Also depending on age this can affect your needs for insulin, hormone wise, hormones aren't just for teenagers lol. I use a varied amount of insulin depending on what i eat, but my background insulin is 24 units a day, for my size i've been told this is high for a T1, i also have a high ratio of insulin to carbs. Been advised i will still have 'raging hormones' until im about 25. im 23 now so a while to go before i hope for less insulin haha!

    also you don't mention diet, if you eating alot of carby or sugary foods this will also increase your need for insulin too, if your diet is fair and balanced then fair enough :) if you could cut down on some carby foods in some places this could also help.

    Also the more insulin you take, the more likely you are to put on weight, the more weight you put on the more insulin you need. Quite a vicious circle. I've been naughty lately and eaten ALOT of cr*p i could have done without, and i've put on a few pounds!

    Again as mentioned exercise is also key, the more you do, the less you will need insulin. simples. can be hard if you have other medical conditions or if you work in a fairly in-active job.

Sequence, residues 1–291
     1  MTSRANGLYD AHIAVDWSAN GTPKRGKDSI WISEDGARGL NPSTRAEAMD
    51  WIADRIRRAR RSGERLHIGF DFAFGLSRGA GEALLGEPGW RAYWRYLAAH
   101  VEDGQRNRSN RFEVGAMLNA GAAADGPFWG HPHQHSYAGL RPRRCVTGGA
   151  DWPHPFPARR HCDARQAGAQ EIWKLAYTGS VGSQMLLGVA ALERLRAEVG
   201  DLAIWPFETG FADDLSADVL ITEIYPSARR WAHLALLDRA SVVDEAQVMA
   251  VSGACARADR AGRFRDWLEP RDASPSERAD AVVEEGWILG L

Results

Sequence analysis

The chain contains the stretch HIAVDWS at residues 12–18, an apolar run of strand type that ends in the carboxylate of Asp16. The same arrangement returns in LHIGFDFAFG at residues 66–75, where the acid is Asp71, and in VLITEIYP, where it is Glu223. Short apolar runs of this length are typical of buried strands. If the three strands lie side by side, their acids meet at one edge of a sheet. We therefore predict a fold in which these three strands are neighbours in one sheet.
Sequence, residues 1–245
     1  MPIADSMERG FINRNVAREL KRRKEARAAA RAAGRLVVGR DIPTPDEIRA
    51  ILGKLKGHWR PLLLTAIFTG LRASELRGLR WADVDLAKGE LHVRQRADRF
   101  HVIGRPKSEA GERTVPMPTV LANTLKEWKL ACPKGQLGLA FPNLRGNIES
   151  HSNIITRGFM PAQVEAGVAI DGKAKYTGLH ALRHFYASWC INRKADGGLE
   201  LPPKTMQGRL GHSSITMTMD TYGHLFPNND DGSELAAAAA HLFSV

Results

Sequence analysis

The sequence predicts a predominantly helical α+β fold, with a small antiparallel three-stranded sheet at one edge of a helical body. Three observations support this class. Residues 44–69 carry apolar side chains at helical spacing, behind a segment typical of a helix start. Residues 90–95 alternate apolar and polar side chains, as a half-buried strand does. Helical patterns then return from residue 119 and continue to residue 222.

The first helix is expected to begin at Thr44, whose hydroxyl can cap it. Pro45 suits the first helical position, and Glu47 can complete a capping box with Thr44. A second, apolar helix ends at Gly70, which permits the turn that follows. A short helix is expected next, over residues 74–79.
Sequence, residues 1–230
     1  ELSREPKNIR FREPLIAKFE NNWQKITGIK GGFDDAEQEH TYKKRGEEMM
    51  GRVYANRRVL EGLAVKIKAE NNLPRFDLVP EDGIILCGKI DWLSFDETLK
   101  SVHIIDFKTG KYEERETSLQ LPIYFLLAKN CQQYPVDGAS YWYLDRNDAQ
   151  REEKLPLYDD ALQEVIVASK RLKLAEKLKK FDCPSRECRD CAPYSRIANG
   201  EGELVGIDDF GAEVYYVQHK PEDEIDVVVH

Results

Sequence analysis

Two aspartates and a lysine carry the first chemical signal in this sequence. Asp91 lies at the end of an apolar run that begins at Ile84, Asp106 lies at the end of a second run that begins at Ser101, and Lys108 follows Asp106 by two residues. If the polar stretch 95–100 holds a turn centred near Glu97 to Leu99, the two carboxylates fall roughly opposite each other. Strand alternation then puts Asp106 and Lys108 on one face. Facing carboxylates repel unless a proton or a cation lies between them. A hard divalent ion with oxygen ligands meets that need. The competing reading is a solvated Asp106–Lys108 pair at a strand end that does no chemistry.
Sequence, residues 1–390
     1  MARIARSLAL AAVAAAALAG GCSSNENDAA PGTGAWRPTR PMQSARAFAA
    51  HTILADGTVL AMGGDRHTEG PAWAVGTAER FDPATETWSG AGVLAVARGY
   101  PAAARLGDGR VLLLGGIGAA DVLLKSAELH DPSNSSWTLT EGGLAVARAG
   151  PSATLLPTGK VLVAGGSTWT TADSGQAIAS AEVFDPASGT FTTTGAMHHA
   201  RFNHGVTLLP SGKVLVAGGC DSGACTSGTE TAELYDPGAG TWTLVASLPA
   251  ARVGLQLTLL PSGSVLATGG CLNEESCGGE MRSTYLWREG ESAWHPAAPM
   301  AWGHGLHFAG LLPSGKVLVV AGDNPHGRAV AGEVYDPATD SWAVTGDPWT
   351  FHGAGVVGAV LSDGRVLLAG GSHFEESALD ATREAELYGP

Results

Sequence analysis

you say you've lost weight (well done :) ) has your insulin requirements lessened with weight loss? obviously theres only so much weight you can lose, but if weight loss seems to have a significant affect on your insulin needs maybe a few more pounds would be of benefit.

    Not sure how much of my waffling will benefit you, or which will apply to you but just a few things to ponder about see if it may help.
     
  8. donnellysdogs

    donnellysdogs Type 1 · Master

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    So long as you are keeping within targets of 4-7-8....me personally I wouldn't worry...however.......If worried I would ask Consultant to try different insulin....
     
  9. Pneu

    Pneu · Well-Known Member

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    to an extent I think you are correct donnelly... however insulin as a hormone doesn't just deal with control of blood glucose it also deals with for instance telling our bodies to put down fat... it can therefore be a bit of a viscous cycle if you are having to inject large doses of insulin that then cause you to increase in weight which then increases your resistance etc...

    I am not sure what constitutes are 'large' dose? I certainly wasn't happy injecting 200+ units a day... for a start its a pain having to do multiple injections at the same time when the pen only goes to 60 units! certainly there can be no harm in trying other insulins or methods to reduce your insulin intake.